On Monday, Jan. 15, we celebrated what would have been the 78th birthday of Martin Luther King Jr. This civil rights leader’s sweeping influence on America is not only significant to the African-American community but to struggles for equality around the world including that of the gay, lesbian, bisexual and transgender communities.
Martin Luther King Jr. had only been dead 14 months when members of the gay community poured out the doors of The Stonewall onto the streets of New York beginning the movement that would go on to transform not just the way the world perceived the gay community but how we perceived ourselves as well.
King’s own experience with the LGBT community was primarily through his relationship with Bayard Rustin, a colleague and principal organizer of the 1963 March on Washington. But many gays and lesbians joined in the fight for racial equality partly because they were not ready to fight for their own equality. Martin Luther King Jr. was most important to everyone who believed we were born to build a revolution for equality and set the moral tone for the entire movement. Many who were at Stonewall said that it was the inspiration of Martin Luther King Jr. and the civil rights movement which made the gay revolution possible.
Despite having many from the LGBT community work in the civil rights movements and finding inspiration in the life of Martin Luther King Jr., statements equating gay rights to civil rights remain a contentious issue. Spokespeople for fundamentalist extremist groups often denounce anyone, including Dr. King’s widow Coretta Scott King, who might equate the two struggles.
Speaking four days before the 30th anniversary of her husband’s assassination, Mrs. King said the civil rights leader’s memory demanded a strong stand for gay and lesbian rights.
Civil rights belong to an individual by virtue of citizenship, especially the fundamental freedoms and privileges guaranteed by the 13th and 14th Amendments to the U.S. Constitution and by subsequent acts of Congress, including civil liberties, due process, equal protection of the laws, and freedom from discrimination.
LGBT activists refer to basic human rights like the freedom of speech and association, liberty, and equal treatment in court as civil rights, because they are fundamental rights that each and every citizen should not be denied on the basis of their sex, race, or religious belief.
King had a dream “that one day this nation will rise up and live out the true meaning of its creed: We hold these truths to be self-evident: that all men are created equal.”
It sounds like we are talking about one and the same thing but in America nothing, especially equality is that simple.
Our country, our state and, yes, even our LGBT community continues to be divided by race. This hurdle has kept us from achieving true civil rights for all Americans and will continue to do so until we look racism in its ugly face and say enough – say it not just with our words but our actions, convictions, beliefs and hearts.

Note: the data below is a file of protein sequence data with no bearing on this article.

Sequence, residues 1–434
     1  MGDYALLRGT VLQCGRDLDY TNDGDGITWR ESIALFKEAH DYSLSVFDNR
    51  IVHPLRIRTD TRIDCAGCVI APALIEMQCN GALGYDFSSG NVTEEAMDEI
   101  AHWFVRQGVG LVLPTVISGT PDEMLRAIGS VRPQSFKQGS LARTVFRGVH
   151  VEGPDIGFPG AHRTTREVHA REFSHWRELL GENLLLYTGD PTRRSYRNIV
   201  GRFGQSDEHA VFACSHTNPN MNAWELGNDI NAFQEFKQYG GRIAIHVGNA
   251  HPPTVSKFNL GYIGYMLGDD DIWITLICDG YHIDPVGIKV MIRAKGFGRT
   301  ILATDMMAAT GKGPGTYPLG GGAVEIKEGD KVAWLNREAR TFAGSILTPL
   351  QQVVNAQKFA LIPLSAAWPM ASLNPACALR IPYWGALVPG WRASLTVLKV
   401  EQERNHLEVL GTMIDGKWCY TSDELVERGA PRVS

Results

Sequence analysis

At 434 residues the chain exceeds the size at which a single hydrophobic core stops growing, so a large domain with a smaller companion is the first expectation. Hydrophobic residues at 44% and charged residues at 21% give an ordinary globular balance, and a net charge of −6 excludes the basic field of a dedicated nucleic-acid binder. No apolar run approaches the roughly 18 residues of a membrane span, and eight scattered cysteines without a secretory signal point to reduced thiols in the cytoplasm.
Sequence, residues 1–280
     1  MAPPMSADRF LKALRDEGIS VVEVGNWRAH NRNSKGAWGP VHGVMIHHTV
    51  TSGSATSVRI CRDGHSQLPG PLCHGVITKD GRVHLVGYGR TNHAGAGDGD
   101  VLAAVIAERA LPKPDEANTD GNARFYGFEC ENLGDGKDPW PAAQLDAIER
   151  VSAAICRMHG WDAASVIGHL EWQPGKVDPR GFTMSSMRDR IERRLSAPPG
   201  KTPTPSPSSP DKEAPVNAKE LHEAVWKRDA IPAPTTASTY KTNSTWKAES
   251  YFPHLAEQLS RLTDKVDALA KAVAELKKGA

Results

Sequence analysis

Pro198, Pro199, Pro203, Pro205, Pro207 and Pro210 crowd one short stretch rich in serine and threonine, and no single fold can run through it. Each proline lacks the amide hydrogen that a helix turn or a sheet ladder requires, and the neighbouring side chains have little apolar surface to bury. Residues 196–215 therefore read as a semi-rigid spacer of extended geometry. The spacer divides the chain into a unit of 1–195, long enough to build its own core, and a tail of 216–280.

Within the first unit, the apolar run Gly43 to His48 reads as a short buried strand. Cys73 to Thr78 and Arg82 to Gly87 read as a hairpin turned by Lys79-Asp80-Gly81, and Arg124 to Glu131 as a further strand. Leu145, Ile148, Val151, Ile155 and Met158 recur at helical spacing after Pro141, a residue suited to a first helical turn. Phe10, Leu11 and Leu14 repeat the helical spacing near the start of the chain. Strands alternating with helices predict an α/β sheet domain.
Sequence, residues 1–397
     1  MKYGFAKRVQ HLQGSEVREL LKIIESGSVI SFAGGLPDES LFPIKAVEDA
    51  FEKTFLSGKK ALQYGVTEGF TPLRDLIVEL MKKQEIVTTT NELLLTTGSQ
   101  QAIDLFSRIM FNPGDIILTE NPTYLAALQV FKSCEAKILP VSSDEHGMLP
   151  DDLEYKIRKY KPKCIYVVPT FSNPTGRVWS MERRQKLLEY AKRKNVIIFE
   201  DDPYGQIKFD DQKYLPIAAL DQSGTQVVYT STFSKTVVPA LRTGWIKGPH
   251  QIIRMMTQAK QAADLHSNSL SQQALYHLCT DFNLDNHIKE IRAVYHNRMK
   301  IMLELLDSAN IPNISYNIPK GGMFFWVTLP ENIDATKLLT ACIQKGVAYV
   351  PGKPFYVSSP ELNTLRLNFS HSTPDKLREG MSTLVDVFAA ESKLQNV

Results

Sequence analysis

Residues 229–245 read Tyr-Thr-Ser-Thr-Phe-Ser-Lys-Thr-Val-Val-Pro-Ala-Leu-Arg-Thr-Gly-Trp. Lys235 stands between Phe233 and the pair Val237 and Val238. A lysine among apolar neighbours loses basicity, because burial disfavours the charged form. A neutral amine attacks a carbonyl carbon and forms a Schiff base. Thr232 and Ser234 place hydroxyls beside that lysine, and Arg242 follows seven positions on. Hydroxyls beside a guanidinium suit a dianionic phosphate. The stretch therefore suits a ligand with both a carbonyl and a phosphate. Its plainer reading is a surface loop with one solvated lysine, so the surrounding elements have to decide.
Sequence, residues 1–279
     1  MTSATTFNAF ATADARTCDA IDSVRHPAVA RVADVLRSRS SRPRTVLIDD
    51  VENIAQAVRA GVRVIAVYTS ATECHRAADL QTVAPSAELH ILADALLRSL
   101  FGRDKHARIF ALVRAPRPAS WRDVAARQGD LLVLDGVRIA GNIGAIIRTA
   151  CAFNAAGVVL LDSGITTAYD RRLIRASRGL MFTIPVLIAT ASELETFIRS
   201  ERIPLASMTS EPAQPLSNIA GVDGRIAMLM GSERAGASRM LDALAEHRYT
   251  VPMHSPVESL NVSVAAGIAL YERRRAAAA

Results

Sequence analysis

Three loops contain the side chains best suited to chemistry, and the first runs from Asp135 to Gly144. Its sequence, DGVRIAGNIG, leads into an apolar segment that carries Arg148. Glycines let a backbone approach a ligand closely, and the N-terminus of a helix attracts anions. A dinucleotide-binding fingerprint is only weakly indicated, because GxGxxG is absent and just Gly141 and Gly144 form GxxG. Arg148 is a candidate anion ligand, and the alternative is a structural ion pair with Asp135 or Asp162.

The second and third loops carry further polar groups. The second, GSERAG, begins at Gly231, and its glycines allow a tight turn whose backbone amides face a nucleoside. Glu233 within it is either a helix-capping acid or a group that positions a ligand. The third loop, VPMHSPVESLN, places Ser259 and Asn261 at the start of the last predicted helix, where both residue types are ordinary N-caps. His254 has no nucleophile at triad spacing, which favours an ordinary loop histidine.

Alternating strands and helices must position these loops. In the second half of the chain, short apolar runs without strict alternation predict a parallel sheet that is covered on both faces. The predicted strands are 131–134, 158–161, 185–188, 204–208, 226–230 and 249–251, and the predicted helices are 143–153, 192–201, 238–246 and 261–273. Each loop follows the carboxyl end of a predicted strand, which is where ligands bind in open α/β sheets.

But we don’t seem quite ready to do this – not really. Our communities continue to have the “Eight Mile” divide. Members of the white LGBT community announce new all inclusive names, and continued dialogues while members of the African American LGBT community protest and seek change to institutionalized racism.
Michigan is home to a culture of inequity pitting young against old, gay against straight and black against white for a piece of an American pie that was never meant to be all inclusive despite all of it’s glowing proclamations.
The LGBT community continues to be second class citizens unable to marry, not protected in the workplace still struggling for equality. While diversity is the buzz word across corporate America, Affirmative Action is dead in Michigan and under attack across the country ending opportunities for women and minorities to attain parity in education, employment and opportunities.
12.4 percent of all Americans live in poverty. Thousands in Michigan are under-employed, uninsured and are unable to enjoy the basic human rights of a roof over their head and food in their stomach.
What would Dr. King say if he were here to celebrate his 78th birthday? Probably the same thing he said in 1963 “I say to you today, my friends, even though we face the difficulties of today and tomorrow, I still have a dream. It is a dream deeply rooted in the American dream.”
But he would probably add that “Darkness cannot drive out darkness, only light can do that.”
Let us honor the life of Martin Luther King Jr. with song and celebration but also rekindle the light, the dream – so that deep in our hearts we truly believe that “we shall over come someday” – in peace, love and equality.